As a side note, the floor manager did eventually come by and we had a chat about the chicken and he stated they had been having some problems with it and were probably going to take it off the menu. I said that's too bad, if they could just perfect it, people would flock to it. He said the menu was actually sort of going through a process and that it would evolve as they figured out what worked, what people liked and so on. And that they will probably work toward offering more small plates to attract a bar crowd. I took that chance to say they should do that with the collards and croquettes as side as they were very good. But it was interesting to hear how after 2 weeks they are still refining the menu.

The replacement dish I picked were the seared diver sea scallops with grilled nectarine, pea shoots and chili oil.

The scallops themselves were cooked perfectly with the insides soft and buttery, the problem here was what was seared on top. The seasoning was salt, paprika, salt, chili powder, salt, and then some more salt thrown in for good measure--it pretty much overpowered the lovely delicate flavor of the scallops. It was nice to have the sweetness of the nectarine to offset the brine as it were, but it wasn't enough. The pea shoots gave it some decent texture and color, yet the chili oil was so faint I didn't really get the flavor it, which is too bad as chili oil and sweet nectarines would have been nice. I'm not sure who's doing the apps and sides here but next time they taste something and think it needs salt they should have someone else taste it.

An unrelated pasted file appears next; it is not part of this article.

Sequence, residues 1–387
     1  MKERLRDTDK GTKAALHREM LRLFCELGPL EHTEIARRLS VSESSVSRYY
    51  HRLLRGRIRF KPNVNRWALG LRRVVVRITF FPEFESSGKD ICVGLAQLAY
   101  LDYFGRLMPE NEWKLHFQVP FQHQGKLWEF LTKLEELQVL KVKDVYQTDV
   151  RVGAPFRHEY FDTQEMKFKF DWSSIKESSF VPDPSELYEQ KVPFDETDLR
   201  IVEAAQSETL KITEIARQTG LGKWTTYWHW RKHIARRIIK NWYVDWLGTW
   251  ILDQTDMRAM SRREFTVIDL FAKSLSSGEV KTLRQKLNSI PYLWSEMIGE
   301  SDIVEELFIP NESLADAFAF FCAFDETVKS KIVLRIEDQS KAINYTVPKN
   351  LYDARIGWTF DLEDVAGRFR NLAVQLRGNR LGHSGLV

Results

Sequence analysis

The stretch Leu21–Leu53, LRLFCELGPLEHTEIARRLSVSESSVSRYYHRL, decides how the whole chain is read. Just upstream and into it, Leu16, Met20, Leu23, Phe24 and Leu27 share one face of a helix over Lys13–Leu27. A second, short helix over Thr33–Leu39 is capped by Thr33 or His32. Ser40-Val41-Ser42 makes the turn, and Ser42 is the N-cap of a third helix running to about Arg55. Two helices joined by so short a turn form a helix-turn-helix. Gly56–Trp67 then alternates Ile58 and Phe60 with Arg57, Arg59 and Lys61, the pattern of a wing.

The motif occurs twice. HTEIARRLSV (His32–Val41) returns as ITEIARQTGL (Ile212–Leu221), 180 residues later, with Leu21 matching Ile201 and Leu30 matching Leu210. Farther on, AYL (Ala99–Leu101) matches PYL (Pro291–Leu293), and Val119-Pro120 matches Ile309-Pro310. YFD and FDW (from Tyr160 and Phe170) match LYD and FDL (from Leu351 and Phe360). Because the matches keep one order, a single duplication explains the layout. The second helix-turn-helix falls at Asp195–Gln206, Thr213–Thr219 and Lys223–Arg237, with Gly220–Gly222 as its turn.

We decided that after this why not try some dessert and our choices were chocolate cake, plum cobbler or ricotta stuffed beignets with chocolate dipping sauce. Of course I'm choosing the beignets they sounded delicious. Sadly, sound is all I got. Turns out they were out of them, already. The waitress tried to push another dessert on us but by that time I was pretty much done. 

Ups and downs seems par for the course whenever one goes to a newly opened place. Some things will work, some things won't. This particular dinner was a good reminder of that. But it wasn't all bad. The beef rib is good, some of the side dishes are quite a delight, the house manager did come to the table and we also weren't charged for either the chicken or the scallops, so they've got their customer service hats on. And for those things I'll give them props. I'd be willing to give this place a try again down the road to see where they go and what changes they make, it could be interesting. Yes, they've also started serving brunch (it's San Francisco people!) and it could be worth a return visit for that too.